wed 12/08/2020

Clarence Clemons: Who Do I Think I Am? review - documentary about Springsteen's saxophonist | reviews, news & interviews

Clarence Clemons: Who Do I Think I Am? review - documentary about Springsteen's saxophonist

Clarence Clemons: Who Do I Think I Am? review - documentary about Springsteen's saxophonist

The Big Man on a spiritual quest

Clarence Clemons: colleagues and critics pay tribute

I must confess the sum total of my knowledge of Clarence Clemons before watching this documentary was that he was, for many years before his death in 2011 at the age of 69, the mighty saxophone player in Bruce Springsteen's E Street Band. And what a sax player...

Nick Mead's film shows him to be much more than The Boss's sidekick (although that would not be a bad epitaph). Much of it is from Who Do I Think I Am?, which was about the saxophonist’s spiritual pilgrimage to China in 2003; Mead and his subject hit it off, so he kept shooting material after they returned to the US.

Clemons, known affectionately as "The Big Man", was an imposing presence in life and on stage – he was 6ft 5in and 20-plus stone – and, as bandmate Nils Lofgren recalls, “He lived for rocking out on stage.” His funky riffs, as one critic described them, took off where Springsteen's words ended.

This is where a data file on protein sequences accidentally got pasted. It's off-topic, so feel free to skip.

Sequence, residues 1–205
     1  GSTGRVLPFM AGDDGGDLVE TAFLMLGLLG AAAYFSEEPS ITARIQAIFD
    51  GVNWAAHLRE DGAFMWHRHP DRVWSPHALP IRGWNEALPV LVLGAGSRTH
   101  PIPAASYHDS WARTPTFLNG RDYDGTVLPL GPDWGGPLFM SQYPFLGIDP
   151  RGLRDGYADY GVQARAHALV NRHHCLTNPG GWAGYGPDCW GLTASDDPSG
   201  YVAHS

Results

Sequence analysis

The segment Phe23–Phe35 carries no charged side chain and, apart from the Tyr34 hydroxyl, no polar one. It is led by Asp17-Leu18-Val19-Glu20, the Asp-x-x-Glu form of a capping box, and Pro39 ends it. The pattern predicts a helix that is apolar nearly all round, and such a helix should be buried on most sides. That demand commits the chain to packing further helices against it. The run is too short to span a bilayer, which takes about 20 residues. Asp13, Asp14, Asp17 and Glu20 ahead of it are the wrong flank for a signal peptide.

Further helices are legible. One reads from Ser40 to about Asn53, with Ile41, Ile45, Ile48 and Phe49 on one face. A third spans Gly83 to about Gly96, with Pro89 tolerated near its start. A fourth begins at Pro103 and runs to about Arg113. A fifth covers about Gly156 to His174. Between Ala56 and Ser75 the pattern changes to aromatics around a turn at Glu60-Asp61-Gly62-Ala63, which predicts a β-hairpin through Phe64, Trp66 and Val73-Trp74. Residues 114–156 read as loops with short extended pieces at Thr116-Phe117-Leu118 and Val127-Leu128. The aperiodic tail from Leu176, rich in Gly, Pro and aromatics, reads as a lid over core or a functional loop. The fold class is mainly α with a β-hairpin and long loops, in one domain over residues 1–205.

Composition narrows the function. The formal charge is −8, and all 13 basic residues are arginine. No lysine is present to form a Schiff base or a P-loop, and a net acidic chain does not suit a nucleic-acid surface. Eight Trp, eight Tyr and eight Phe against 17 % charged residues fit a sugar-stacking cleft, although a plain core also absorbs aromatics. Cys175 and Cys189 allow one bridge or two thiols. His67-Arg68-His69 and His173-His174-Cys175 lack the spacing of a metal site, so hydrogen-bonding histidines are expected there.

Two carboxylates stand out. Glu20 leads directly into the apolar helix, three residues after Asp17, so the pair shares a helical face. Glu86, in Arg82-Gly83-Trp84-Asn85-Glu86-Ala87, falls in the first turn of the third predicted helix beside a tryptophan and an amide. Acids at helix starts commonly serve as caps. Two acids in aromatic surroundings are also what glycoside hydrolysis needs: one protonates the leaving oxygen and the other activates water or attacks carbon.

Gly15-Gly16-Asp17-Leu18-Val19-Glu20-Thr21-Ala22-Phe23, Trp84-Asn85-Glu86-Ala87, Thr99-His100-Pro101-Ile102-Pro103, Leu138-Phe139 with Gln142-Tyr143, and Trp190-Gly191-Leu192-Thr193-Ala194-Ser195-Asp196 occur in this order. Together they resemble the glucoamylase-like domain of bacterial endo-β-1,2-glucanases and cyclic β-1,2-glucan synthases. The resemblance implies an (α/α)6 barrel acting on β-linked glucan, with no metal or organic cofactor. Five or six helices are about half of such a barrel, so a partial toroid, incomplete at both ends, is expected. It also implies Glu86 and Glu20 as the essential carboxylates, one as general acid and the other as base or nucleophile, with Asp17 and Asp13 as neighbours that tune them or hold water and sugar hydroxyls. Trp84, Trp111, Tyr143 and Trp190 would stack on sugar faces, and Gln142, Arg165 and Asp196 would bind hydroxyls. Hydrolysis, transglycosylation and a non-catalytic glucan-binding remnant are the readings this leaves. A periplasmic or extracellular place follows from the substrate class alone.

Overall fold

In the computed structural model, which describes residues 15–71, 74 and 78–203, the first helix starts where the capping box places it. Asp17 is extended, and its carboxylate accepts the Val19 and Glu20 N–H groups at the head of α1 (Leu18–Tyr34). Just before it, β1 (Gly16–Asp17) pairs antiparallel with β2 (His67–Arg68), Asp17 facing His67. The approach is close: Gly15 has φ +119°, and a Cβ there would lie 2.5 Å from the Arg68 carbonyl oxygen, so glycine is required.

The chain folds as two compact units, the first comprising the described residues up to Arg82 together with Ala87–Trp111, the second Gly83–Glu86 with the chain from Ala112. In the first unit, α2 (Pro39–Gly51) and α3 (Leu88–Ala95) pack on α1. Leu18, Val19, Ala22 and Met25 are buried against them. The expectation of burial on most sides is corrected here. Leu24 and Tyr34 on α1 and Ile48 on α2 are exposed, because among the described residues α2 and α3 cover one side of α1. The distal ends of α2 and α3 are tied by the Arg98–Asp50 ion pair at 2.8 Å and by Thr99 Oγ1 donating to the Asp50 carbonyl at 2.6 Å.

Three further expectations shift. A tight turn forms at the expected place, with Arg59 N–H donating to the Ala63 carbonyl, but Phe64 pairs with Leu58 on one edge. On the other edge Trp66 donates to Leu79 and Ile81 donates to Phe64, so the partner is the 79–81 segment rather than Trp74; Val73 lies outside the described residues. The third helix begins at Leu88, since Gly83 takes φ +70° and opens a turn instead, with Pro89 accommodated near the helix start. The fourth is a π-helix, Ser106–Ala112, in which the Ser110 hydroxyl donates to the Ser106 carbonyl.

He grew up in Virginia (cue some lovely reminiscences from his aged aunts) and his childhood was scarred by segregation laws – he and his best friend, a white boy, could not go to the same places together. One of the film's talking heads made the point, though, that Clemons was one of the few standout black musicians in rock music during the 1970s and 80s – a time when much of the industry was “black” or “white”.

There were contributions from critics, family members, including his nephew Jake (now, touchingly, taking Clarence's place in the E Street Band), plus musicians, as well as fan and fellow honker Bill Clinton.

Strangely, considering how busy it was romantically, there was scant detail of Clemons' interesting personal life – he was married five times and had four children – and the car crash that put an end to his hope of pursuing a professional sports career. These things made him as much the man and musician he was as his professional relationships, surely?

The section about Clemons' trip to China (he felt drawn to the place, and that he had been there in a previous life) revealed more of the man to us but there was some unintentional comedy here, too. As he says “I wanted to see what would happen”, and it did. He was the first black man many locals had seen, and when he started playing his sax at the Great Wall of China, one passer-by said: “Who do you think you are?”, which gave the film its ironic title.

Springsteen and Clemons had a special bond – indeed Springsteen wrote “Tenth Avenue Freeze-Out” about the moment Clemons came into his life – but The Boss was noticeably absent here, although he gave permission for the live and studio clips Mead uses. We'll just have to settle for his tribute, which ended the film: “Losing him was like losing the rain.”

Clemons, known affectionately as The Big Man, was an imposing presence in life and on stage

rating

Editor Rating: 
3
Average: 3 (1 vote)

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